Low voltage hoses or those with an on/off switch on the hand set are the norm and many customers like this feature. Virtually all companies promote these as a necessity. They are not. If the phone or door rings, it does provide the ability to switch your system off and attend to your caller, but usually you pass the plug-in point on your way and can easily un-plug your hose. However, it represents another potential weak point. If the hose breaks, your system will not work and replacements are expensive. Very few manufacturers offer spare hose ends should they break, they will push you to buy a new one.
Standard hoses are considerably cheaper and activate the system immediately when you plug-in. There is no low voltage wire incorporated in the hose and is mostly crush-proof and very hard wearing. If the ends break, they are simple to replace. If the hose breaks, it can simply be repaired using a hose to hose coupler. A standard hose WILL last a lot longer than a powered hose.
Power adjusting hoses use a sliding control on the handset to adjust the motor RPM and therefore the suction power. These hoses only work with the same make central vacuum and were predominantly made to ensure you buy any replacements from the same manufacturer. All hoses have power adjusting bleed valves that use no complicated electronics and is as effective at reducing power when cleaning curtains or blinds with the correct attachment.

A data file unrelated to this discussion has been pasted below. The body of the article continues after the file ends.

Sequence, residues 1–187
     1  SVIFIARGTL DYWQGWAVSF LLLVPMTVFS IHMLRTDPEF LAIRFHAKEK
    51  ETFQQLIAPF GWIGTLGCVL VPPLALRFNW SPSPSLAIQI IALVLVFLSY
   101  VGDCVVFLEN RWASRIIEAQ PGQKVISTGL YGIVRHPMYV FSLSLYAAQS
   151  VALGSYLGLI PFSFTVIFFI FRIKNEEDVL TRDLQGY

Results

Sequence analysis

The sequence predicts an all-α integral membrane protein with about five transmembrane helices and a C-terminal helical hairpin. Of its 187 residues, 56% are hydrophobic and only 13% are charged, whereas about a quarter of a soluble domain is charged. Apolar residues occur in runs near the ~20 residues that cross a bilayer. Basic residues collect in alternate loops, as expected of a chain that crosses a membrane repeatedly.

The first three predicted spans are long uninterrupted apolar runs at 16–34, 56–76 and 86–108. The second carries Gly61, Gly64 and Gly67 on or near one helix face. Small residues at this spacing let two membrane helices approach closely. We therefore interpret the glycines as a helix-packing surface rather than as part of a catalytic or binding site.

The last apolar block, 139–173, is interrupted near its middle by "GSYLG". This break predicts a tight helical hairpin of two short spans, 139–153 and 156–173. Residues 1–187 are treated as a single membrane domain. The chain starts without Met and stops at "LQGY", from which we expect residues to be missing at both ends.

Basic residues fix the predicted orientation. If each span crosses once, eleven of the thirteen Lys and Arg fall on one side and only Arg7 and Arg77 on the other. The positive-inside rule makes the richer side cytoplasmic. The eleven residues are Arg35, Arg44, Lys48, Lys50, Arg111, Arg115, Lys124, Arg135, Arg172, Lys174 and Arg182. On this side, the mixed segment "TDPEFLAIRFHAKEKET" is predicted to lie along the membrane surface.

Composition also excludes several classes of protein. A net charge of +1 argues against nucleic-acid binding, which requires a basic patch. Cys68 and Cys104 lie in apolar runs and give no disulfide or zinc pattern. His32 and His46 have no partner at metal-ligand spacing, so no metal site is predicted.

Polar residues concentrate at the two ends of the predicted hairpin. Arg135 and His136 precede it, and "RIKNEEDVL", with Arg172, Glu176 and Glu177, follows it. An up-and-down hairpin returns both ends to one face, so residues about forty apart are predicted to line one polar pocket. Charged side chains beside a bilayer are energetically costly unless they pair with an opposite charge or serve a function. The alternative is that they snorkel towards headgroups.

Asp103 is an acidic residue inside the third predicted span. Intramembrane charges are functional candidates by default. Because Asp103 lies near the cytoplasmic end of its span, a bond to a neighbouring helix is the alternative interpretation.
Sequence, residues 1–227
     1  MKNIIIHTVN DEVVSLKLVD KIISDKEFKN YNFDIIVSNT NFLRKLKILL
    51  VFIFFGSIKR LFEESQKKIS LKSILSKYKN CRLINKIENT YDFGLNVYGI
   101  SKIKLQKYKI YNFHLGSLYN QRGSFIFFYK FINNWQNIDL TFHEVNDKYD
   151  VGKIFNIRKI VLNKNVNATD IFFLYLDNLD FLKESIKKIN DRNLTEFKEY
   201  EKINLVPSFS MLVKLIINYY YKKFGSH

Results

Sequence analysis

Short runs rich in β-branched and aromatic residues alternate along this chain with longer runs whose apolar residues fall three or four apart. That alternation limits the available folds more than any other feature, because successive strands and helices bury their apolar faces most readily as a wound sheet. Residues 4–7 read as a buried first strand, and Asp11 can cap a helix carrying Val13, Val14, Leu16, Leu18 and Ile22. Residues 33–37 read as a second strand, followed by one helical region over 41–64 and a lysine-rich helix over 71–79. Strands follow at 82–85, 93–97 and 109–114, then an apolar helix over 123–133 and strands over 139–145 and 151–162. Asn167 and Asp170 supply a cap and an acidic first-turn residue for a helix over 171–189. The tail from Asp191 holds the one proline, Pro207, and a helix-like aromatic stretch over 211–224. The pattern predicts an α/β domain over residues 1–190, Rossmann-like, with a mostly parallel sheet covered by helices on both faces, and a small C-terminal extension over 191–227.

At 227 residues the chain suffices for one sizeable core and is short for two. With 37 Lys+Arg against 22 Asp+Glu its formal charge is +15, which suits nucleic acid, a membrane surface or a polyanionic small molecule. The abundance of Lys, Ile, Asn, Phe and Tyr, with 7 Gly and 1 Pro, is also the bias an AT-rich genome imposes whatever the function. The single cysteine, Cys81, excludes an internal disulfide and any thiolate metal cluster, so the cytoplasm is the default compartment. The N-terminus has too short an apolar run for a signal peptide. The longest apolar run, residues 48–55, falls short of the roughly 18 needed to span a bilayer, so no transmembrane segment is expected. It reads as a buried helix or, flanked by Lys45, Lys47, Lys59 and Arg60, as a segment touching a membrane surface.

POWER UNIT AND DIRT CANISTER
Dirt collection bags do not lose power unless they are crammed full. They offer the cleanest and most convenient way to empty your vacuum, but add a perpetual cost (other than electricity) to the running of your system.
TO SUMMARISE – PURELY MY OPINION
Ask what you want from your central vacuum and keep those advantages at the heart of your decision making.
- Take a look in the power unit motor housing at the motor.
- Feel the suction power.
- Ask to speak with existing customers
- Ask about the guarantee and how longer the supplier has been in the industry.
- Keep it simple if you want ease of use and longevity.